When I was a some-teen, I dreamed
about a soulmate sitting on
a chair facing me in a room
filled with empty seats that
had no relevance.
There was only me and
the man who sat on the other chair.
It could have been a classroom, a conference,
a panel, a course, a strange cult meeting
in a sterile environment, or a room in
A chair has never been just a chair
for most of my life
And then, I started
disregarding and forgetting dreams;
a chair became just another chair.
It could have been a public lecture
in the 25th century on a space ship
as they recollected how humans first
settled on the moons of Saturn.
It could have been in a service hall
somewhere in Moscow in the 1960s.
Or, it could have been an asylum
all along, and I am still asleep
avoiding the moment
when I awaken to gaze
at white walls, to be brought
into the next room
where you await me
on the other chair
with a syringe and a kidney dish.
And then I started forgetting and
disregarding dreams; and every
chair lost its meaning and mystery.
My paranoias fed upon different sources,
and when they ran away,
so did my soulmates.
Instead I feed on soulmates that exist
on pages, in ASCII: words and numbers
that make mockery of meaning, defying it with multiplicity.
In this universe of consonants and vowels,
ambiguity between the signifier and the signified
a chair becomes whatever you say it is
and I become whoever you want me to be.
I am not Magritte’s Pipe
but you are not Magritte.
I am the Beloved, seated on the other chair
and you may paint me or smoke me or dream of me
because paranoia loves company.
(c) Nin Harris 2012
Do you know me so well
I have bared my neuroses
in symbolic colours
and contours like Plath.
My love is an open sore
that weeps copiously
like a troubadour’s
at the disappearance
of a mistress.
And will that be all
if you can judge me
lacking like Prufrock
or childishly diabolical
like the man who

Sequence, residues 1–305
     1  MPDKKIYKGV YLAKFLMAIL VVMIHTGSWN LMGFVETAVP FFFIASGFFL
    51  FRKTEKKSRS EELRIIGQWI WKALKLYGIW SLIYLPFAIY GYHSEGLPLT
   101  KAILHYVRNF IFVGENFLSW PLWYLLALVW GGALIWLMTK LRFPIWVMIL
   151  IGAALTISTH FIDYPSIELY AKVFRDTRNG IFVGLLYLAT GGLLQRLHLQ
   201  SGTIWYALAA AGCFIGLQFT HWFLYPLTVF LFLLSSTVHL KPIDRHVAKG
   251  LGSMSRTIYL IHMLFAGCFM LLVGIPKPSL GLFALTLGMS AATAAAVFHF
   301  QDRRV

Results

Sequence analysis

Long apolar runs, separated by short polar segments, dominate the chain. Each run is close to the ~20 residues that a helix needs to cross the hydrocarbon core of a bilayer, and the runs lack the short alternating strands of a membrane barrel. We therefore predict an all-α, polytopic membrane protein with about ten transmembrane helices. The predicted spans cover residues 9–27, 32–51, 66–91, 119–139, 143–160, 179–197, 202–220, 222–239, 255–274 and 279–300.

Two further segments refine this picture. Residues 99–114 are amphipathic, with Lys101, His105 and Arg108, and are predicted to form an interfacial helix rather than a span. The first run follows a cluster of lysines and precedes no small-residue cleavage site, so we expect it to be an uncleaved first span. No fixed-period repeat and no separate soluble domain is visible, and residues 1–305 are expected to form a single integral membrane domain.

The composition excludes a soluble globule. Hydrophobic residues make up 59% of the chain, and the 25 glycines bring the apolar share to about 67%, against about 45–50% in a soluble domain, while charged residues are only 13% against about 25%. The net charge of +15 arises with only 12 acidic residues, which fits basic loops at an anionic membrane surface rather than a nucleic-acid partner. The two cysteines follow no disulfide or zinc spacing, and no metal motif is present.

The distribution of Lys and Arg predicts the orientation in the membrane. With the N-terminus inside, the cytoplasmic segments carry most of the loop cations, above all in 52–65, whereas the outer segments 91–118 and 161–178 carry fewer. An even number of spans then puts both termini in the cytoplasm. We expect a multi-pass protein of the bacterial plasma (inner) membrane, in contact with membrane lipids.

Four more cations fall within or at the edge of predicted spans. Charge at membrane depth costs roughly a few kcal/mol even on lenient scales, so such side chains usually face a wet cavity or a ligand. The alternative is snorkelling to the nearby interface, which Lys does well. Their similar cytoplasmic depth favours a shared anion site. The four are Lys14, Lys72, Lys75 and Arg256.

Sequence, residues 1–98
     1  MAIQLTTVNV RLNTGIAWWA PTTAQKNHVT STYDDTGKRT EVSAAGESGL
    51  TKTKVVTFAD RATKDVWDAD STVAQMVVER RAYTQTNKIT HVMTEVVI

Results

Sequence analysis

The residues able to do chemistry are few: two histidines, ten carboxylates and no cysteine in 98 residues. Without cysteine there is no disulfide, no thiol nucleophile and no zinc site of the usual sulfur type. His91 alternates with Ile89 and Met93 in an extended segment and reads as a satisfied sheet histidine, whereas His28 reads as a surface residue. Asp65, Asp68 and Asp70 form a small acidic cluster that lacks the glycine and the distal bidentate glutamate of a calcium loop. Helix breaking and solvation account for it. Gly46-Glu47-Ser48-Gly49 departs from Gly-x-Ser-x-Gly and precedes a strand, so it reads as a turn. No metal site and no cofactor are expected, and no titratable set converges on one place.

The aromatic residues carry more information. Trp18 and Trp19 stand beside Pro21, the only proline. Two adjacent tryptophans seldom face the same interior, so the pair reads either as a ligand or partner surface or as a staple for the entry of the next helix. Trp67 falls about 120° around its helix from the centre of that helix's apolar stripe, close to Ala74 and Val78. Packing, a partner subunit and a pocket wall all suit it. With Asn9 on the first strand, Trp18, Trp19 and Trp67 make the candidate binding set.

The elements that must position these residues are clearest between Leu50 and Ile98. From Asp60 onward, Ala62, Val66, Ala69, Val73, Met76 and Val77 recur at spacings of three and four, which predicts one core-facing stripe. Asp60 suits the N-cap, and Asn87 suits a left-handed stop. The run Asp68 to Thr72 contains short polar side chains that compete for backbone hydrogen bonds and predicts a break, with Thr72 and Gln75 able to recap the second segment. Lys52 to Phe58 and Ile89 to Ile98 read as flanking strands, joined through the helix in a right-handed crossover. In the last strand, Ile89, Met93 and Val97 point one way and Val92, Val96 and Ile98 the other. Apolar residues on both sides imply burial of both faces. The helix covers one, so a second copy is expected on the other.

had just consumed
his Last Duchess
on the mahogany dining table?
Do you know me yet
if I have symbolically bared my breasts
like an Amazon in the woods?
Do you know if I have
been naked at all
or if I have been fully
clothed the entire time?
(c) TAB 2012
spin, spin like cotton candy
blooming garish pink ephemeral from glass
among gleaming chrome machine parts
where windows encase the fusion chamber
of the only engine that runs better with sugar
and fuels syrupy-speedy dreams in small fast hearts
by (c) Nin Harris 2012
Cadence, she said.
Cadence and rhythm
and meter; timed glottal stops
for some and an almost
child-like singsong for others.
Sitting at the back in poetry readings
listening to other poets express
their words through the music of their own
voices, I am struck silence.
I do not write poetry for a year.
Cadence, she said.
Solitude births poesy;
I exhale when I read, then I inhale –
gulp and let cadence envelope me.
A one-woman poetry reading in a messy bedroom.
This is how my words are birthed.
Note: This is a sister-poem to Shame, both are about attending open-mic readings.
(c) Nin Harris 2012
Rapid words escape lips
and I both fume and exalt
at the fury and the cadence and the rhythm
of another’s innermost everything.
I have not had that freedom –
my words are etched in
the silent dark to sometimes
be spread out to others;
I imagine me at open mic;
shy, rotund, stammering,
the south east asian
accent interfering with diction
my double chins merging
into themselves and into
the apprehension of cruel wit.
I imagine the immediacy of
my words disappearing off
the parchment and ricocheting
against the cold malice
of a microphone;
the shame of my
Note: This poem is the ghost of a memory of attending my first open-mic event and does not represent me as I am now. It is left intentionally raw.
(c) 2012 Nin Harris
I used to fear unicorns would run away from me,
because I had lost the innocence of sunrise-tinted meadows,
the first blush of dawn reflected on billowing white gowns.
Now, I roam the marshes, sometimes in watermaiden green;
others in tunics of the deepest, most tragic purple.
Some days I dance for them, in swirling red;
jangling bronze coins around my hips and ankles.
They said unicorns would forsake me.
But they come, through wind, through earth, through water.
Narwhals with their liquid song, draconic solo-hornlings from
the archipelagoes, sparkling lilac gazelles with spiralling ivory,
the dark, stolid obsidian pony from the depths of the Himalayas,
and the dappled mare from the Steppes.
When I curl upon my nest of words, they shed me of every hue
and I am left in billowing white, often tinted with the colour
of my sometime-equine companions, elected to protect
the innocence of my dreams.